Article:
You are playing in a live $1/$2 poker game. You are first to act UTG and look down at your hand. Do you know which hands you’ll play from UTG? Which hands will you fold? Are you going to open-limp at all?
Let’s discuss crafting an UTG range that makes you profit, while figuring out when to play tighter AND looser – including the key variables that most players overlook. Continue reading
Pocket Jacks tend to create a ton of heartache for players. Most of the time JJ cannot handle a heap of preflop pressure, it faces an overcard on the flop a ton, and even when the flop does cooperate it doesn’t mean the turn and river will. But like any other starting hand, good play means understanding what goes into making solid preflop and postflop decisions, and then utilizing that strategy at the tables.
To help us do that, let’s breakdown this hand sent in by Anthony. Here, we have to make some serious postflop decisions when JJ faces a really ugly turn card… Continue reading
I use many tools when analyzing poker hands away from the table…but one of my favorite tools is the fold equity calculator. This tool only requires a few simple inputs to give me information about how often my opponent needs to fold in order for me to run a bluff. This is super helpful when going all-in preflop, semi-bluffing draws postflop, and increasing your overall aggression.
This free video will show you what fold equity is, what a fold equity calculator is, and how to use this tool on your own. As always, if you are a reader make sure to check out the script below. Enjoy!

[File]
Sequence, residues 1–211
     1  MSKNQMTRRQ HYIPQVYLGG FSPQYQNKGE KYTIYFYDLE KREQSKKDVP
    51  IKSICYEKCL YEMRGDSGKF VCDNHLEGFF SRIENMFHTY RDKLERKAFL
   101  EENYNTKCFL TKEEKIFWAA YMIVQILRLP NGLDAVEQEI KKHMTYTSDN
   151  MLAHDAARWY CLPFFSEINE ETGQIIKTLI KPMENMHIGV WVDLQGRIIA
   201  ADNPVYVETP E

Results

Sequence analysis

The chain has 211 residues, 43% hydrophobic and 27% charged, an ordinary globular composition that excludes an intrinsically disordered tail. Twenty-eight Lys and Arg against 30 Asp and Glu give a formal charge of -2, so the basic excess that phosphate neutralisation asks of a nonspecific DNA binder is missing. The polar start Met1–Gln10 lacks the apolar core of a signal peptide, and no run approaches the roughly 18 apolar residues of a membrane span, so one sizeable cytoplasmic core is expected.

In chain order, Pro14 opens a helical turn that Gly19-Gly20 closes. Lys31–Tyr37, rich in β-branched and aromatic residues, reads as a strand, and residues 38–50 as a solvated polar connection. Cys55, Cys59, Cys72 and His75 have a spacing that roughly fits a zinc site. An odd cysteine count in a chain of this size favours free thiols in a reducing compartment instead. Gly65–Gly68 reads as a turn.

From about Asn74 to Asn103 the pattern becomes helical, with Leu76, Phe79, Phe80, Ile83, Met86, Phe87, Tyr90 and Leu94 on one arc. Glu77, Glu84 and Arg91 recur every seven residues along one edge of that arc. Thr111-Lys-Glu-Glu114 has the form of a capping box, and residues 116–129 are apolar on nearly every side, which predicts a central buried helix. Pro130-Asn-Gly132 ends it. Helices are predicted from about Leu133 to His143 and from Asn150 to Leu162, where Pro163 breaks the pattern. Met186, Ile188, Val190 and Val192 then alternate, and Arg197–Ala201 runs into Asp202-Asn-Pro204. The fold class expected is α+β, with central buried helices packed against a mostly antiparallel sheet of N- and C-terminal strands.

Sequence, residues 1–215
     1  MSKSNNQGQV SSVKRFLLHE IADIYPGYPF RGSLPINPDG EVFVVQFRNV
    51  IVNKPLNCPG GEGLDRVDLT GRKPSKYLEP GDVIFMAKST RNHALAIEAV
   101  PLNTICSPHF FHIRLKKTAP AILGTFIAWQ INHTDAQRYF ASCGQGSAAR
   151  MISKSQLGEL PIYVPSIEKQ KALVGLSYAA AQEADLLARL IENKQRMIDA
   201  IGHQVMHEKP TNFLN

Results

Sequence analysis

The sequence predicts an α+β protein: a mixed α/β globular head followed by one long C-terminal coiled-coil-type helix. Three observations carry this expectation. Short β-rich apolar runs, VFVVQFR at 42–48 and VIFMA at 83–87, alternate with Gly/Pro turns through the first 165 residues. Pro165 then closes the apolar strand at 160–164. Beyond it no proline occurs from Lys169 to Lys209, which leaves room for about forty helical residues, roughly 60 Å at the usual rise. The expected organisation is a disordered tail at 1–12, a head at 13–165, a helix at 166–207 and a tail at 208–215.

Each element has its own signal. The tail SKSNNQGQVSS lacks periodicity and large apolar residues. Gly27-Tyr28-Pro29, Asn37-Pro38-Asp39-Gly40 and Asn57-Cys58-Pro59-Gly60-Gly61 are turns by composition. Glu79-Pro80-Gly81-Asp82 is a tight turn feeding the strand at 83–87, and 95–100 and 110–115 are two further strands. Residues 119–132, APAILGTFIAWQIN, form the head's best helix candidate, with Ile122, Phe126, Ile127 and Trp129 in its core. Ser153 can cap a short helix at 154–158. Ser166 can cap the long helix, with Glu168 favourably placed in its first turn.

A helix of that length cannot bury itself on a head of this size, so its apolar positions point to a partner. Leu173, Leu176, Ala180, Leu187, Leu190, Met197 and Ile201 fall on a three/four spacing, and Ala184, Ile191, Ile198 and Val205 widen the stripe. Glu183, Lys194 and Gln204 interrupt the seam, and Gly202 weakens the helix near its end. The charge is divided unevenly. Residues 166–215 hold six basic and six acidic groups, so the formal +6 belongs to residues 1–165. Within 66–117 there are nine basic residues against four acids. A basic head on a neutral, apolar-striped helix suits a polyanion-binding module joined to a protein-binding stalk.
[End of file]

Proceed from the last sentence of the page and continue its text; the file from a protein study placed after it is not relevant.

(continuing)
Hello, and welcome to today’s Quick Plays video on using a fold equity calculator. There are so many different poker tools available, but this is one tool that I use quite often. In this video, I’ll show you what a fold equity calculator is, how it’s useful, and show you how to use it with some examples!Continue reading
Overpairs are usually very easy to play. Be aggressive preflop, continue being aggressive postflop, and aim to get looked up by someone who couldn’t fold their second-best holding.
But sometimes the board is less than ideal, and sometimes draws complete. And in this hand – BOTH of those things occur! So let’s breakdown how to play overpairs on wet flops (and as-played, when draws get there)… Continue reading
More often than not, unpaired hole cards are going to miss the flop. But bigger unpaired hands, like AK, AQ, and KQ, are going to be overcards to the board – making them far different holdings than undercards. While it’s typical to just fire these overcards, especially when they have backdoor draws and/or flop a gutshot, there is some nuance to handling these hands.
To highlight this, let’s breakdown a hand that Alex sent in and see if semi-bluffing is the right approach… Continue reading
Many players get confused when facing “odd” actions, such as donk bets. So I wanted to analyze a spot where I faced a river donk bet and had to make a decision. A donk bet is a bet made into the previous street aggressor. Since I had bet the turn and he bets into me on the river, his river bet is called a “donk bet”.